Sunday, September 29, 2013

The Last Ghost

Before he goes, he turns

around, surveying things

one final time, making

sure that his memories

will all be found neatly

arranged by the new boy.

A model Corsair and a Zero

square-off on a doily

beneath a ceramic lamp

his mother painted. While,

overhead, an Enterprise,

his father’s handiwork,

slowly revolves in the dark

bedroom. Sightless eyes,

belonging to the stuffed

frogs he will leaving,

look up in silence at

the orbiting starship,

lost in whatever thoughts

their cotton brains contain,

unaware of what they are

to him: his family.


He taps his rocker and

it rocks, predictably,

keeping perfect time.

Part metronome, part throne,

it coordinates the headlights

careening along the wall

into his mirror. Those

lightning flashes at night

will not be missed. He’s glad

that dresser isn’t coming,

really. He has outgrown

the child inside. He flips

one of the handles up,

then flicks it down again,

to hear how it collides

against a plate of brass,

letting go of the past.

The noise it makes is nice.

So he lifts it up again,

so he can hear it crash

again, a kamikaze,

ending something grand.

Jonathan Swift

Dean of odd ducks, he dipped his pen
In a funny ink, distilled from the Furies
Holy manure: he hated man
Bespattered with shit, shouting, "Yahoo!"

Famished as Death, he fed the lord
A suckling child, the choicest meat
Butchered on his block. The King of Beasts,
Society, laughed and licked its chops.

Harelip in hand, Irony hoped
He fancied her figure. Her fractured face
Broke in two smiles. Smitten with love,
He kissed her palm, "Let's kill the light."

Wednesday, September 25, 2013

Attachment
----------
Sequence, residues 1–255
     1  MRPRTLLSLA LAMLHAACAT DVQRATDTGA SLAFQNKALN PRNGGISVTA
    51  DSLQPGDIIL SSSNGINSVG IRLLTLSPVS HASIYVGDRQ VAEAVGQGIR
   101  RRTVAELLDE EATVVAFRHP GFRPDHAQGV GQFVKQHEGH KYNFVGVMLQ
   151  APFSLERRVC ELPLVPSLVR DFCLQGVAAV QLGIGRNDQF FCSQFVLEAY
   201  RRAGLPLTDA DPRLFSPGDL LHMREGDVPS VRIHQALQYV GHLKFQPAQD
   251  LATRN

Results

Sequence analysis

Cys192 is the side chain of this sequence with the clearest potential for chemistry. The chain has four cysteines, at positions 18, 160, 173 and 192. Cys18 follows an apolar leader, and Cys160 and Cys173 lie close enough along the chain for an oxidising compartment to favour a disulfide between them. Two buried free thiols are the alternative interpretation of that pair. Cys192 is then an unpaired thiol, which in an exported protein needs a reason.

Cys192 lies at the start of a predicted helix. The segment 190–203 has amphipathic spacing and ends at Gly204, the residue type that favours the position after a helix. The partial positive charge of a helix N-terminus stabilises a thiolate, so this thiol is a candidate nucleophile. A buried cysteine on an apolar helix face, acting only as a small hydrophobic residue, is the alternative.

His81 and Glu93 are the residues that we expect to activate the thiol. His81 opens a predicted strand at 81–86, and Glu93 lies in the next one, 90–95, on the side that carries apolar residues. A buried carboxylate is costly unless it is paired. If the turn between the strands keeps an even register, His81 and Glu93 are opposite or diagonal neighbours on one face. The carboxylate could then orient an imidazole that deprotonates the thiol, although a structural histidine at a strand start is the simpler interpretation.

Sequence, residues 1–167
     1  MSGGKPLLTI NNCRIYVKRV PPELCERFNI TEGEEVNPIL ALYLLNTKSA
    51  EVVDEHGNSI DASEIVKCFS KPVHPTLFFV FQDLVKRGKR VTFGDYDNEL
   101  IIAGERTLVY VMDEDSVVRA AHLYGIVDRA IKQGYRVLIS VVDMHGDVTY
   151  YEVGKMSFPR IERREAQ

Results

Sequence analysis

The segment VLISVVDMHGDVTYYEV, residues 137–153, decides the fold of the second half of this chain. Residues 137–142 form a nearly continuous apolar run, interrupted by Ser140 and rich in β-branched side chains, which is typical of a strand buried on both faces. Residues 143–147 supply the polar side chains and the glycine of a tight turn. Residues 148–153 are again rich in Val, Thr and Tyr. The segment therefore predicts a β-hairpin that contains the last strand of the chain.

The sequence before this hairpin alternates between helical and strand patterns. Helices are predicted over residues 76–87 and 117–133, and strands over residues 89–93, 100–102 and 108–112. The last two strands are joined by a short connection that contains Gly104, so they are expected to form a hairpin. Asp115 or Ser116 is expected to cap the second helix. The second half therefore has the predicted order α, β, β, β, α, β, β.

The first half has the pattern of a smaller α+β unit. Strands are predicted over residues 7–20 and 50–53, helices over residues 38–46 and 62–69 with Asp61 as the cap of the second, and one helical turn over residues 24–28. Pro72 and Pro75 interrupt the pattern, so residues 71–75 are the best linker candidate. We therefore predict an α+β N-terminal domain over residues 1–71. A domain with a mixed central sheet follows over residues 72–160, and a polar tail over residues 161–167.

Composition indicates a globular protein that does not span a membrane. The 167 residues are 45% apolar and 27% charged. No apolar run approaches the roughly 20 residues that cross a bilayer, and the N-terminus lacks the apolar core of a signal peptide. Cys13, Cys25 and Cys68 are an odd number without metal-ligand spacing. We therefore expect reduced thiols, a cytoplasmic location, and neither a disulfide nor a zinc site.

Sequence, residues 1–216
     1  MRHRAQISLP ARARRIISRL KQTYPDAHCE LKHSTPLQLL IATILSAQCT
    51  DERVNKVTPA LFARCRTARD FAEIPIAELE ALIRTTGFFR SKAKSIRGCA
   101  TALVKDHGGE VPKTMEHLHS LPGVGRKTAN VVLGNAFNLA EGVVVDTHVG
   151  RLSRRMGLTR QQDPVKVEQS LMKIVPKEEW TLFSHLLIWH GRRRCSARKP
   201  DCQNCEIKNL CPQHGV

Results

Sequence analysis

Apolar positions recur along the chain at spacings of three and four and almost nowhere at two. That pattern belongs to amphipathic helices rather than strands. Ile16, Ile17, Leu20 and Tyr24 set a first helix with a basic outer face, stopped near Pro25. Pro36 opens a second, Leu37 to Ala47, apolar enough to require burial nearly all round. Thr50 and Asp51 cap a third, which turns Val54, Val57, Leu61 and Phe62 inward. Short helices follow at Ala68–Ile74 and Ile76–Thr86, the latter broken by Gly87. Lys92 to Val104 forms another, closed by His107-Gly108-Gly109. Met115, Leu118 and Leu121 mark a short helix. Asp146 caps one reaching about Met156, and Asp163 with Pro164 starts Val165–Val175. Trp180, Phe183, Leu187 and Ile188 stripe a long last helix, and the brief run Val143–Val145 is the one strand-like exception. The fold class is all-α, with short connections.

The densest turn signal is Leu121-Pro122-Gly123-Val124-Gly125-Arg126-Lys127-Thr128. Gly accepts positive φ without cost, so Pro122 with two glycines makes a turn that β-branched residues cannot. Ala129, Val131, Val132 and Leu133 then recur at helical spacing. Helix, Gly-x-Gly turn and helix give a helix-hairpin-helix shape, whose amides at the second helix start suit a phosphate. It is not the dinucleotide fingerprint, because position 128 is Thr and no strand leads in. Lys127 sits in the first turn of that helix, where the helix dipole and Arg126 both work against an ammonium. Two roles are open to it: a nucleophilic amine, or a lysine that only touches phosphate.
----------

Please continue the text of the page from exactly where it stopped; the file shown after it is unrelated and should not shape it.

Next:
My Poor Fool

“Why should a dog, a horse, a rat have life, and thou no breath at all?”
—King Lear
Heaven was just the place for him to go.
He never understood this world. You know,
We would discuss it over marmalade—
Those violent forces—how the world was made.
He would take soldiers—strips of buttered toast—
And dip them in his egg, completely lost.
Most considered him a child—a half-wit.
Like any parent, my poor heart was split.
His gags were creaky as an outhouse door,
And yet I loved him—loved him to the core.
He turned the girls to jelly. In his eye,
There twinkled something wild in black tie
Which frightened my officials, children, and dogs.
He painted funny faces in the fogs
Which rolled in like thunder from the sea
Those nights we kept each other company.
He tested my love constantly. He’d twist
My heart right into knots—without a sweat—
One drop of effort. For some reason I
Don’t fully comprehend, he teased me, “Why
Are you so melancholy, Lord—so blue?”
He pinged me with a pebble from his shoe,
His face a mask of innocence. Of course,
I think he knew he would wind up a corpse.
I hanged the lad in public to remind
The peoples of the Earth that God had died.
They stared at him like vegetables. The few
Who cried for Mercy I hanged twice. Like you,
I wished his last remarks had shown more flair,
A little bravery. Jerked in the air,
He gargled, “Jesus,” and choked. His final joke,
One word, dissovling in the sky, like smoke.


Friday, September 20, 2013

The Longest Journey

Today, while practicing for the national implementation of the Patient Protection and Affordable Care Act , I tried to have a prescription filled in New York City.

I went to my local community health center, as you do for these things nowadays, when you desire to obtain a controlled substance legally. My local community couldn’t find my prescription in the local community safe, although they had a record that the prescription had been called-in and signed by a certain responsible individual (my doctor) the day before.

The nameless woman I was speaking to at the desk summoned a file clerk. The file clerk, Carlos, took off in an elevator to determine where my prescription was hiding. Since Carlos was the only other person in the place with a name, besides my doctor (who was missing) and me (who was definitely there), I followed his progress with relief. I could watch the numbers on the elevator indicator traveling up and down from where I was standing. Carlos seemed to be having fun, spending a little time chatting with anonymous friends on every floor. I had seen something similar in a Laurel and Hardy film once.